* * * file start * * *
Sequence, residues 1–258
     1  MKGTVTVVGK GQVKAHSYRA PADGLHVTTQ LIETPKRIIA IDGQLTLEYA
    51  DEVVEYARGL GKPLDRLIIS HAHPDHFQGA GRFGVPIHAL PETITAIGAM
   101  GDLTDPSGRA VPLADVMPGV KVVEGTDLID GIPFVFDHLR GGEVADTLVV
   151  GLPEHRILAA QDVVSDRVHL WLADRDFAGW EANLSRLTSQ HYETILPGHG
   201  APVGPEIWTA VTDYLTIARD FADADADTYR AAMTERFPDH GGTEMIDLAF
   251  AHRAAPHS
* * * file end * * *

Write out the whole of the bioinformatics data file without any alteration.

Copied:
Sequence, residues 1–258
     1  MKGTVTVVGK GQVKAHSYRA PADGLHVTTQ LIETPKRIIA IDGQLTLEYA
    51  DEVVEYARGL GKPLDRLIIS HAHPDHFQGA GRFGVPIHAL PETITAIGAM
   101  GDLTDPSGRA VPLADVMPGV KVVEGTDLID GIPFVFDHLR GGEVADTLVV
   151  GLPEHRILAA QDVVSDRVHL WLADRDFAGW EANLSRLTSQ HYETILPGHG
   201  APVGPEIWTA VTDYLTIARD FADADADTYR AAMTERFPDH GGTEMIDLAF
   251  AHRAAPHS